Homeowners guide to solar financing
Let’s talk about the financing options we have on offer at Nectr.
Even when the potential savings of a home solar system are considered, paying its full price upfront can be a large expense. The good news is, there are plenty of solar financing options that can simplify your purchase and make the cost more manageable. The exact terms and conditions change depending on who provides the loan, but most options can be classified into two main types:
- Green personal loans
- Buy Now Pay Later or BNPL loans
In both cases, the loan provider assumes the full cost of your solar power system, and then you pay according to the financing terms. However, the way in which these payments are calculated depends on the payment plan you get.
When does loan financing for solar panels make sense?
Using loan financing for a solar panel system makes sense when monthly savings are higher than your loan payments. This means that solar panels can purchase themselves, and your out-of-pocket cost becomes zero. Your payback period is also reduced to zero since the amount saved from year one is higher than the amount paid.
On the other hand, if the interest rate on a loan is too high, the payments will probably exceed your solar savings and the difference comes from your pocket. This means you will see no savings until the loan is fully paid off. In this case, you are probably better off paying in cash and recovering your investment over time with savings.
As a quick example, let’s assume a 6.6-kW solar panel system saves you $1,500 per year, and you’re comparing two financing options.
- A loan that charges you $100 per month during five years is viable, since you have $300 in net savings from year 1. At the end of the 5-year period, you have paid $6,000 but have already saved $7,500.
- On the other hand, a loan that charges $150 per month will fully consume your solar savings. You pay $1,800 in total each year, which means you must add $300 from your pocket. After the five-year period you will have paid an extra $1,500, and must wait for another year until you break even.
Regardless of the type of loan, make sure you’re using it for a high-quality solar system that has a fair price. You can check the typical price ranges provided by the Clean Energy Council, to get an idea of how much you can expect to pay.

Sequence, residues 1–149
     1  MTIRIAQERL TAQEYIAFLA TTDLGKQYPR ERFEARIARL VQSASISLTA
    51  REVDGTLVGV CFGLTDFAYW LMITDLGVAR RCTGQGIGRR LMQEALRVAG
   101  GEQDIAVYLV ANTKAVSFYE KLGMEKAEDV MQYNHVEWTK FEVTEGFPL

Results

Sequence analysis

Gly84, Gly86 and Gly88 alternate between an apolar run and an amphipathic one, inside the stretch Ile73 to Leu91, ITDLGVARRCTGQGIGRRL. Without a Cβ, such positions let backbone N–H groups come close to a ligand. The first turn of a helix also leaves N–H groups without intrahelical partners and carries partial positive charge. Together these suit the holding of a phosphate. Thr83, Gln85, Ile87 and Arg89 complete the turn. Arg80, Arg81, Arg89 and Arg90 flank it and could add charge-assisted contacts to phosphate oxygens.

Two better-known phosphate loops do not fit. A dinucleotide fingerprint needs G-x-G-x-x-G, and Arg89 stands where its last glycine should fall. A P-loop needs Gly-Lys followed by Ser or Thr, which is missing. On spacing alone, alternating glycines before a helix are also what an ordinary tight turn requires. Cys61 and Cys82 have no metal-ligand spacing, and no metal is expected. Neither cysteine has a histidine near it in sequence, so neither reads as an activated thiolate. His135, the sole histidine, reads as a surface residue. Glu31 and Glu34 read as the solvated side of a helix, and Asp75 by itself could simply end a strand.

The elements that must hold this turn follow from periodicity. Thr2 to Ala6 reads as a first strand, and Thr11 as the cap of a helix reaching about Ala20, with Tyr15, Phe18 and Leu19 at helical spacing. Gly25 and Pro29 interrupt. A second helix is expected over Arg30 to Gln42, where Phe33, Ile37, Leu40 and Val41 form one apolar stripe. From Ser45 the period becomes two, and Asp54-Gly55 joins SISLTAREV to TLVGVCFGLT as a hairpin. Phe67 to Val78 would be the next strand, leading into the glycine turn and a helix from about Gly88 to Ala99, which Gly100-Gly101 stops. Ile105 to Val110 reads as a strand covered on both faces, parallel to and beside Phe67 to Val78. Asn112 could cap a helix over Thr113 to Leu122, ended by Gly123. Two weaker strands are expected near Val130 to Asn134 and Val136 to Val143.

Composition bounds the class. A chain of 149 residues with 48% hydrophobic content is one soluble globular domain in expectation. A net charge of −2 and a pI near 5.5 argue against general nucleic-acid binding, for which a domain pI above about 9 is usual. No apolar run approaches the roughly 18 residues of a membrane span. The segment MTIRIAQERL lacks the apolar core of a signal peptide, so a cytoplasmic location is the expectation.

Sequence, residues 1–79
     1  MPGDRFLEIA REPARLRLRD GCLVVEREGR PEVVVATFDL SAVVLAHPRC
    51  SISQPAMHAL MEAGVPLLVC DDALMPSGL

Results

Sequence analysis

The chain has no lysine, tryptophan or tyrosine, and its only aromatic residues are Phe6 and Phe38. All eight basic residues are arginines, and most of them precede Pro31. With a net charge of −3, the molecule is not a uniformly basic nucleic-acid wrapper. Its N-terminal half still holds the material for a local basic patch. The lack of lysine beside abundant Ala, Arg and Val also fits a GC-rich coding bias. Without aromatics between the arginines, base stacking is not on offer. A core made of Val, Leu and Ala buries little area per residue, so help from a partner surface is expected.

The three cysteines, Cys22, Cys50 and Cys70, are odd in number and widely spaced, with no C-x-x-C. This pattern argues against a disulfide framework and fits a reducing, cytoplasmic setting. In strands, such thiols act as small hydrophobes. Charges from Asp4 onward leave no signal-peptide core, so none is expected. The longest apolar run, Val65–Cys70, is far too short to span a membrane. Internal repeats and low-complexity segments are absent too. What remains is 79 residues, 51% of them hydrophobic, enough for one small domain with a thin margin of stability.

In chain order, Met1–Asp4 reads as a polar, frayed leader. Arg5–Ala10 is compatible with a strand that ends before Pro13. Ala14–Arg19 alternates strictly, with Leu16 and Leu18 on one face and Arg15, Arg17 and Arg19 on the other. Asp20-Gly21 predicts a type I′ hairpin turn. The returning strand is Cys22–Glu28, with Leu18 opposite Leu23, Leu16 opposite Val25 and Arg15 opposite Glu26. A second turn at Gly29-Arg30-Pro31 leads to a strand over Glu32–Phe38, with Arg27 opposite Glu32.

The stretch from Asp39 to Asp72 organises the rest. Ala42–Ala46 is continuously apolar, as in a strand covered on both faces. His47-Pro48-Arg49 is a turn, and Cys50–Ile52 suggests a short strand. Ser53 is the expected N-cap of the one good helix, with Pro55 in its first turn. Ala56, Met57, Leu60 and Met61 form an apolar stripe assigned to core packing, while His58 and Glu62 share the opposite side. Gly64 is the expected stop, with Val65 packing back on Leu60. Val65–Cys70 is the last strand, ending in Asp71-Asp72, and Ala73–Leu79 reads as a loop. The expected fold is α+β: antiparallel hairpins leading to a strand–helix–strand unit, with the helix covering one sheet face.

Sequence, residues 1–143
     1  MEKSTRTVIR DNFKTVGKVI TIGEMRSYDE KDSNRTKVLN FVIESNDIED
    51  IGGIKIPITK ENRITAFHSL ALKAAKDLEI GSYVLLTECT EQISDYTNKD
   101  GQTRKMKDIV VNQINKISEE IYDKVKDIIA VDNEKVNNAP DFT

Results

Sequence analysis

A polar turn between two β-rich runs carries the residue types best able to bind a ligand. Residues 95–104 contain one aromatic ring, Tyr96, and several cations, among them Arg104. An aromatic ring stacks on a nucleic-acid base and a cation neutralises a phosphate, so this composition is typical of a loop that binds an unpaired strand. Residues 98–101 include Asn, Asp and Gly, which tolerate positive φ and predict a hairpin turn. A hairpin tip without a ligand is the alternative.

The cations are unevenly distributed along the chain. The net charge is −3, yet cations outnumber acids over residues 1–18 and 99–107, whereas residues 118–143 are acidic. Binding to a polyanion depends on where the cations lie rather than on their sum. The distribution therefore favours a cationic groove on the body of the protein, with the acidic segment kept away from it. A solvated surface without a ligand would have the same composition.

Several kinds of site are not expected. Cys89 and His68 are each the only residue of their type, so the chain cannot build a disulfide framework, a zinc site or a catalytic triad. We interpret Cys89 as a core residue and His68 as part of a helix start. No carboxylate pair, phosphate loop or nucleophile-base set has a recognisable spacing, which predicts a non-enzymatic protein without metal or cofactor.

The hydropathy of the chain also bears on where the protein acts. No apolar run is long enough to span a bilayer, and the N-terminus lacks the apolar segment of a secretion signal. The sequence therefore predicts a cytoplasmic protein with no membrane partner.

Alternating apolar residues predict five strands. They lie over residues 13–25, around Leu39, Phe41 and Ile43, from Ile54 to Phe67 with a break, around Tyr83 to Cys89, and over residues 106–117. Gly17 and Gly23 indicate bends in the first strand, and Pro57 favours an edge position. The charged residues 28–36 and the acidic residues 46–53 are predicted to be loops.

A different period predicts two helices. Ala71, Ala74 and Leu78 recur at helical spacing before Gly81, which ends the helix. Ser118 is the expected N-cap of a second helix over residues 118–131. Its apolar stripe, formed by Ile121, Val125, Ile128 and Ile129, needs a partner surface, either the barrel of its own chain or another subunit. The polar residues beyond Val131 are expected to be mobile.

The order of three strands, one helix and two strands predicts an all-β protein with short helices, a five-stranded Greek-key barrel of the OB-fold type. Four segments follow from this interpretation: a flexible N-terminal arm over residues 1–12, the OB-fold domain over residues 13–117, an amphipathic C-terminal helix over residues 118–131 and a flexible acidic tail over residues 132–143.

Any home solar systems that are too cheap or too expensive should raise suspicion. Low-quality solar panels will probably fail in a short time, leaving you with a loan to pay but no savings to cover it! On the other hand, an overpriced solar system will require a larger loan, and this means paying more interest.
Green personal loans vs Buy Now Pay Later (BNPL)
The main difference between a green personal loan and a Buy Now Pay Later loan is how you’re charged for the service. A green loan charges you an interest percentage, while a BNPL loan has fixed fees during the repayment period.
- Green personal loans have interest rates, which are calculated as a percentage of the amount owed. This means interest payment increases along with the loan amount, but it decreases gradually as you pay off the loan. In a green loan with a repayment period of seven years, the interest charged on year 1 is much higher than the interest charged on year 7, when most of the balance has been paid off.
- Buy Now Pay Later loans don’t charge you interest, and instead they have fixed periodic fees during the repayment period. Depending on the BNPL provider this fee can be weekly, fortnightly or monthly. BNPL fees remain the same for the entire term of your loan. For example, if you purchase a home solar system for $6,000 that is paid over a five-year period, the same BNPL fee is charged on month 1 and month 60.
Generally, the fees paid over time with a BNPL loan are lower than the total interest paid on a green personal loan. However, there might be exceptions to this and you should always compare the options available. Also keep in mind that all loan providers will conduct a credit check, and you must have a good record to qualify for their best financing terms.